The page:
It’s rare that I hurt myself badly enough to need a visit to Urgent Care, but after holding it for thirty minutes the blood just came gushing back the minute I let go. I needed stitches. My husband drove me down to town and was thrilled to find out that, due to Covid restrictions, he didn’t have to go inside with me. He hates that kind of thing. Poor guy. I wouldn’t have made him anyway.
Once inside, the nurse took me in, numbed the pain, and then sewed up my finger. The process was fascinating to me, and I took the sharp pain of the needle without complaint. Once it was numb and she started sewing, I loved watching. I’ve never had stitches before. It was exciting.
I told the nurse what a great job she was doing, and I was so thankful that she was around to help me through my stupid moment. Everyone makes mistakes, right? Good thing there people around to help you through the pain of fixing them.
She was so grateful. She said most people come in angry when they are hurt. They snap at her as she tries to clean a wound and give them the means of healing it. “Why would they do that? We aren’t animals.” I commiserated. Everyone’s on edge lately.
Animals don’t have a choice to behave better. They only react to the present moment. They can’t see the bigger picture. We can if we take the time to calm ourselves and see it. We can respond instead of reacting. A large dog bred to fight, doesn’t think, “It’s in my blood and training to fight strong and win, but what if I don’t want to?” But a human has something animals don’t, that choice within them. It may be hidden away under years of experience and trauma, but it’s there. Which leads me to another track: my mediation this morning. But that’s another post.
I’m glad I found East of Eden at that used bookstore. I didn’t know I wanted to read it, only knew the title because I was sure it was an old movie, and Steinbeck. He’s famous, right? It was my first read from my Classics Club five-year reading challenge post. Not a bad start!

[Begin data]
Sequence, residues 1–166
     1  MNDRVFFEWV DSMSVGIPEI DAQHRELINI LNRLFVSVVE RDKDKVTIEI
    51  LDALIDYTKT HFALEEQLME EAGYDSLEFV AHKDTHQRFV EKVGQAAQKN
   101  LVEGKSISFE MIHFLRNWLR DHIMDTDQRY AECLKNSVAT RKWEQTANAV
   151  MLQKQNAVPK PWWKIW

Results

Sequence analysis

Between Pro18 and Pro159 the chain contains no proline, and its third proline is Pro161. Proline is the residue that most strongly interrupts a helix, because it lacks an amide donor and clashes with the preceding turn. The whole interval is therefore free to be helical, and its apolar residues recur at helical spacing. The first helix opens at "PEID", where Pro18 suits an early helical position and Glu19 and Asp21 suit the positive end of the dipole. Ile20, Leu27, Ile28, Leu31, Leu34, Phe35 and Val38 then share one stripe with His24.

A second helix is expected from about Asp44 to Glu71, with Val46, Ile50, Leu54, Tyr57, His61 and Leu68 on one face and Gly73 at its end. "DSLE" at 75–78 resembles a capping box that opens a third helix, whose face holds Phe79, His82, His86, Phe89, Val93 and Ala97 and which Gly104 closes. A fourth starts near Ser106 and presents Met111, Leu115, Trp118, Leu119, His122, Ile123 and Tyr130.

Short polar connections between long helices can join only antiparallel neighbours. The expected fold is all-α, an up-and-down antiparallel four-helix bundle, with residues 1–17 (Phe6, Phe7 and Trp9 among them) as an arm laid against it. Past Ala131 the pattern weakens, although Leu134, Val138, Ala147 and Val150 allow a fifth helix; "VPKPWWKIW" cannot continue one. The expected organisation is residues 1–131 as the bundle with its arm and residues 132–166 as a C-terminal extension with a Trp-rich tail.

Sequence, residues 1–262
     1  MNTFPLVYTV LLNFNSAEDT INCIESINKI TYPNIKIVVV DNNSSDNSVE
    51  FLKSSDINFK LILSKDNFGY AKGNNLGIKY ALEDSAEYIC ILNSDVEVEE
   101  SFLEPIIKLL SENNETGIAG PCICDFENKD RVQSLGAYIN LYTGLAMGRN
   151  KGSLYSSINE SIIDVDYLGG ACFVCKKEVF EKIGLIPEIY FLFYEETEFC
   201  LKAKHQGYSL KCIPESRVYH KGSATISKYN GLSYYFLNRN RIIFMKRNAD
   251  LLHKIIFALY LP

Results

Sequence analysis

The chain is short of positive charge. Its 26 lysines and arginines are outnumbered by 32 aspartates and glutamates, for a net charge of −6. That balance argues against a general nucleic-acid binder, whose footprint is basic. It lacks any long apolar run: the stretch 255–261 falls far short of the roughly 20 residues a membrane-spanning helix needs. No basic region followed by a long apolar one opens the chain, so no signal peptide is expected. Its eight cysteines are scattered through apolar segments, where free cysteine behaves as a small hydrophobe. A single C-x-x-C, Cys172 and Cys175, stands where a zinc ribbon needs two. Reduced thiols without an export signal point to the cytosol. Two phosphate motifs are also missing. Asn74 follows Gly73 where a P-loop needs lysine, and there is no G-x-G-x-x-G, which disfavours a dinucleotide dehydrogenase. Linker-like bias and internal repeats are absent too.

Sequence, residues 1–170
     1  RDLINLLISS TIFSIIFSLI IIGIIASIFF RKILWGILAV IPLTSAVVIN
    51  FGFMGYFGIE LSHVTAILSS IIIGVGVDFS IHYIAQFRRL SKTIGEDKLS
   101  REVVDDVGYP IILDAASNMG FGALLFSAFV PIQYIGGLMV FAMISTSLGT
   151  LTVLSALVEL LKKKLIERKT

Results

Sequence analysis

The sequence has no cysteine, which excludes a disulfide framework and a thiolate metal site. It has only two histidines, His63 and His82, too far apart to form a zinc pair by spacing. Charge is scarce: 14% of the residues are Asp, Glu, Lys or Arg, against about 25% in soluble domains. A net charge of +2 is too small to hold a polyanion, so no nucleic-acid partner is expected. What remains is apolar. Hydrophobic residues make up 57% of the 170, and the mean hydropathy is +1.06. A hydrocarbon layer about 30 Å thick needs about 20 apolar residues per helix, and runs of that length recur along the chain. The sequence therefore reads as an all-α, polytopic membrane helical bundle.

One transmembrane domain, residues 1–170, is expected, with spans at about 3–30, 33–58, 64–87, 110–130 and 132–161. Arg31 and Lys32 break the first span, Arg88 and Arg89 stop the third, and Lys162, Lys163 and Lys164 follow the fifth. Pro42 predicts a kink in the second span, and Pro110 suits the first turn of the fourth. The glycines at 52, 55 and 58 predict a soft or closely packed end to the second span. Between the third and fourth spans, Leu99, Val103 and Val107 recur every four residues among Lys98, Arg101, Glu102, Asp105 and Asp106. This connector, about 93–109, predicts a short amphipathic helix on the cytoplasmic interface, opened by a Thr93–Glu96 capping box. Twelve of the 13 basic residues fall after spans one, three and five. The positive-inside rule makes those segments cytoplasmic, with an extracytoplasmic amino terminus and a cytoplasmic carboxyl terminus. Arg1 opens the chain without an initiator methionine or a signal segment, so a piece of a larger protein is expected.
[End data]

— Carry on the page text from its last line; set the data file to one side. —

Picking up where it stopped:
I’m so excited! Why? Two big reasons of which I shall now elucidate!
First of all, thanks to Laurie at Relevant Obscurity, I have discovered The Classics Club! What?! A blog that links together other classic readers?! Yes, please! I know, I get excited about the strangest things, but it’s not often that I find other people that are reading the same kind of books that I read.
As per their rules for membership, this post is a declaration of sorts. I’m listing fifty classic books that I promise to read between now and August 29, 2027. Five years to read fifty assigned books is perfect for me because it let’s me read many of the other glorious books that come across my path at the same time. But what to choose?!
The first thing I did was print their list and find the books I had already read. That was a little disappointing. It turns out I KNOW more of the titles on the list than I have actually read, but I’ve read quite a few, so I’m not unhappy, I’m inspired.
The second thing was to look on my TBR shelf for any books from the list that I have already bought. I found ten, so that takes me well into the first year of the challenge. And it gave me the nice picture for this post!
The last thing to do was put a mark next to any book on the list that I had heard of and was planning on reading already.
And now I have my list! Are you ready?
Flatland by Edwin Abbott Who’s Afraid of Virginia Woolf? By Edward Albee Waiting for Godot by Samuel Beckett Tarzan of the Apes by Edgar Rice Burroughs The Plague by Albert Camus Rime of the Ancient Mariner by Samuel Taylor Coleridge The Origin of Species by Charles Darwin The Idiot by Fyodor Dostoevsky The Three Musketeers by Alexandre Dumas Middlemarch by George Eliot